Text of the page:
Chew-Mon Lee – Colonel, United States Army

Lee, Chew-Mon
First Lieutenant, U.S. Army
Company H, 9th Infantry Regiment, 2nd Infantry Division
Date of Action:  November 30, 1950
HQ Eighth US Army Korea; General Orders Number 463, June 26, 1951


The Distinguished Service Cross is awarded to First Lieutenant Chew-Mon Lee, Infantry, United States Army, for extraordinary heroism in action while serving as a platoon leader with Company H, Ninth Infantry Regiment, Second Infantry Division, on November 30, 1950, in the vicinity of Kunu-ri, Korea.

On November 30, 1950, Company H was defensively deployed near Kunu-ri when a numerically superior enemy force succeeded in completely surrounding the company and subjecting it to intense small-arms, machine-gun and automatic-weapons fire.

During the initial phase of this action the company suffered heavy casualties and the company commander was killed. Lieutenant Lee immediately assumed command of the company and, with complete disregard for the intense enemy fire, deployed the company in a tight defensive perimeter. Realizing that the loss of the company commander had tended to panic the men, Lieutenant Lee moved from one position to another, encouraging his men and steadying those who were confused and bewildered by the heavy casualties suffered and the intensity of the enemy attack.

When accurate sniper fire from a hill about 150 yards distant began harassing his men, Lieutenant Lee and a small group of volunteers attacked the hill and cleared it of enemy opposition. After establishing a small outpost on the hill, he dispatched a messenger through the enemy lines in an attempt to obtain reinforcements. Under his capable leadership the men repulsed several fanatical enemy attacks until a friendly tank force broke through to their position. As it became apparent that the tank crews could not identify the friendly forces, Lieutenant Lee attracted the attention of the lead tank crew, then mounted on top of the tank and, heedless of the enemy fire, directed return fire on the hostile positions with such accuracy that all enemy resistance was eliminated.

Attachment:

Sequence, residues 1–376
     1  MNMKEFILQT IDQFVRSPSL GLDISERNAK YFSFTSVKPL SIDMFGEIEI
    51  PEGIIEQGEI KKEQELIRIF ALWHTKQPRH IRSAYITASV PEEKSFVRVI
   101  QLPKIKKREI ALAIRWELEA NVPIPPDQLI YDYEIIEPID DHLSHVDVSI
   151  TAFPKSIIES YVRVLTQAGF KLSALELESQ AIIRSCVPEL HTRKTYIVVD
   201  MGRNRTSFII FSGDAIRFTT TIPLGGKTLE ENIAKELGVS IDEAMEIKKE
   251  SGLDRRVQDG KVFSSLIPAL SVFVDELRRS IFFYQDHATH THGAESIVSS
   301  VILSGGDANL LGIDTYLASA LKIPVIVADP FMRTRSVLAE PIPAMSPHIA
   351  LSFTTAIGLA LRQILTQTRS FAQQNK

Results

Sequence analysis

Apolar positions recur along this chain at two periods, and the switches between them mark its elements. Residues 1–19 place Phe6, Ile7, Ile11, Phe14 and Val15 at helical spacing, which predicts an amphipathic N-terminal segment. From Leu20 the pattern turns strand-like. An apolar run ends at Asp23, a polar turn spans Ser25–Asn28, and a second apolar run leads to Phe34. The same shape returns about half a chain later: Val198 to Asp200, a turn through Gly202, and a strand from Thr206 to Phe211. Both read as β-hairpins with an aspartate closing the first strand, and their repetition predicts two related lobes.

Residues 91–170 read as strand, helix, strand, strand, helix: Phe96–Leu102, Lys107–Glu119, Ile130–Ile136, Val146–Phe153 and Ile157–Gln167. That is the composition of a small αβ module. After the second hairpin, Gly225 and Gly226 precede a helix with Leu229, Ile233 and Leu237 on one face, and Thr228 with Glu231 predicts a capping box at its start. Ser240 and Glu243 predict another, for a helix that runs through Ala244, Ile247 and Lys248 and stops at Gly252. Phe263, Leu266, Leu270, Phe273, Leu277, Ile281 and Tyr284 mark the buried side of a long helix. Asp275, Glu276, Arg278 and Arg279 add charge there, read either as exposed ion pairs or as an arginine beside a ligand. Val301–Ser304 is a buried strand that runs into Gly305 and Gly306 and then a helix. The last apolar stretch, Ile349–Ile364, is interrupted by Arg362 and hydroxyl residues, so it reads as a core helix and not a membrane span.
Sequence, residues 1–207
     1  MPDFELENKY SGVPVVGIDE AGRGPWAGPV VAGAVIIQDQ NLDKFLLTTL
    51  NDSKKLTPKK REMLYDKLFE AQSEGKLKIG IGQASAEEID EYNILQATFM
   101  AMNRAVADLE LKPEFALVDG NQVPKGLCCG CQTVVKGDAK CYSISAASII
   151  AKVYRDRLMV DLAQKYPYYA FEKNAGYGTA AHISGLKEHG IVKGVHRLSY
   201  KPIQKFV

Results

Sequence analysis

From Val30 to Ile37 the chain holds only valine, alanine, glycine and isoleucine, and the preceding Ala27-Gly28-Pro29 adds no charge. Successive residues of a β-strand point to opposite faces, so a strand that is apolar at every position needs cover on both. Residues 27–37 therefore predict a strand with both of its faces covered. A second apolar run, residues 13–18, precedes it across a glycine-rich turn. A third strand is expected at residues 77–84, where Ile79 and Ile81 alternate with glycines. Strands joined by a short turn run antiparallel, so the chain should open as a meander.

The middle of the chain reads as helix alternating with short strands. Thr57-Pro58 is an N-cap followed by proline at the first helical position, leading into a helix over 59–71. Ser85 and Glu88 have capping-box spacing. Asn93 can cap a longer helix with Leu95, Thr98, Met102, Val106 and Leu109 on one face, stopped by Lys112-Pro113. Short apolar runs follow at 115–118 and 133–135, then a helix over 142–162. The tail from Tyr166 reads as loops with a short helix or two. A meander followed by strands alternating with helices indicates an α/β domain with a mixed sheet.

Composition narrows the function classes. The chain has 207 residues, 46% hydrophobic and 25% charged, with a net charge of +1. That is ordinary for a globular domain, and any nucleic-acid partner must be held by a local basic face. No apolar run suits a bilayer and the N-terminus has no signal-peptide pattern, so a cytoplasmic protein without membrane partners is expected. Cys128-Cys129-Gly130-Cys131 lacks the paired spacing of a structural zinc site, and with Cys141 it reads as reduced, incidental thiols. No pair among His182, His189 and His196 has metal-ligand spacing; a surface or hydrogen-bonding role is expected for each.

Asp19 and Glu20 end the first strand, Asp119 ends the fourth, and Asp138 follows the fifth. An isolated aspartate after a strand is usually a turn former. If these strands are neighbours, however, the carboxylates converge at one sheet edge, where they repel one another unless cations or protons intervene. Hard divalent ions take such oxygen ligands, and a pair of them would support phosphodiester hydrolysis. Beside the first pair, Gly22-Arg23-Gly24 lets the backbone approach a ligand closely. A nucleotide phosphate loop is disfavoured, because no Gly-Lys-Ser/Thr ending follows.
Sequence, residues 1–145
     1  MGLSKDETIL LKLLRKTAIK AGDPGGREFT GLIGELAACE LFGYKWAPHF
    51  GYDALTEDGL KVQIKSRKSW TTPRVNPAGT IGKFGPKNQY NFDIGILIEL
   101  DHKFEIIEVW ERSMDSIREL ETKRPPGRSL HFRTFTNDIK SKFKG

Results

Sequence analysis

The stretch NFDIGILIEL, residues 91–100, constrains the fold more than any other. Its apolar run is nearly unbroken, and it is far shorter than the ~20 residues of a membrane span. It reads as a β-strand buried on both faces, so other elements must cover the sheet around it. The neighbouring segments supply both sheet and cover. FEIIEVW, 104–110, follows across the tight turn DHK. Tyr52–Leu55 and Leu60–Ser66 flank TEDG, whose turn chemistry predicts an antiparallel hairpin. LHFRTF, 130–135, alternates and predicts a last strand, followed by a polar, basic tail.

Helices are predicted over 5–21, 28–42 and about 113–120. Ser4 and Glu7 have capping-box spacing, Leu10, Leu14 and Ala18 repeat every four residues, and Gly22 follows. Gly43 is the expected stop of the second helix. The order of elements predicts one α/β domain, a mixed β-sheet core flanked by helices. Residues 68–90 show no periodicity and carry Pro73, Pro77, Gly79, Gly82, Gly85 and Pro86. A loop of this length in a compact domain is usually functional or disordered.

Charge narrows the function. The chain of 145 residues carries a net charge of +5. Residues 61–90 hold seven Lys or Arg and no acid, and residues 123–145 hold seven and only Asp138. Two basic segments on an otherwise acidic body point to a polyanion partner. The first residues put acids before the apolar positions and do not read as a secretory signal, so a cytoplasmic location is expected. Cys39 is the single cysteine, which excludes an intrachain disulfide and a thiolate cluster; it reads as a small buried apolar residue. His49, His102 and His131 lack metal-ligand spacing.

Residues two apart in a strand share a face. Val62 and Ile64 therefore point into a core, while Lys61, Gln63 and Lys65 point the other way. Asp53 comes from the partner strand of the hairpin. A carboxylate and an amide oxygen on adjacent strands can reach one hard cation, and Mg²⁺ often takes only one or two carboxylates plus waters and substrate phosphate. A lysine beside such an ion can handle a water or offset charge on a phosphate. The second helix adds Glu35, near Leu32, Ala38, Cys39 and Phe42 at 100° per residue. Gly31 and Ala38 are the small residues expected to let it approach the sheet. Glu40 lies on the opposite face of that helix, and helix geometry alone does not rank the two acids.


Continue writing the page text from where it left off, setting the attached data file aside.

MAY 24, 1995

Mr. Chairman and distinguished members of the subcommittee. It's an honor to be here today representing 10,000 American women who share a personal and heartfelt belief in the American flag.

My name is Rose Lee and I'm the past national president ofthe Gold Star Wives of America. You might say the Gold Star Wives are the women left behind by those who died serving our country. We're the widows of American servicemen who died on active duty, were killed in action, or died later in life from service-connected disabilities. Our organization was founded exactly fifty years ago by a young World War II widow who felt alone and in need of support from other women who shared the same experience.

But let me assure you the Gold Star Wives offer more than a shoulder to cry on, although that is always available. We're currently fighting to make sure widows have the compensation rights and other benefits they're entitled to by virtue of the service their late husbands performed for this country. Needless to say we're a very patriotic group and believe strongly in the words and ideals contained in the Constitution of the United States. In fact, first among the purposes of the Gold Star Wives is to assist in upholding the Constitution and laws of the United States, and to instill a sense of individual obligation to the community, the state and the nation.

At our national convention last year, the Gold Star Wives unanimously passed a resolution to support a constitutional amendment protecting the U.S. flag from deliberate acts of physical desecration. We added our voice and our volunteer spirit to the Citizens Flag Alliance, the national, non-partisan grassroots organization working for the amendment' s passage. I'm proud to be here today to speak in support ofthat amendment.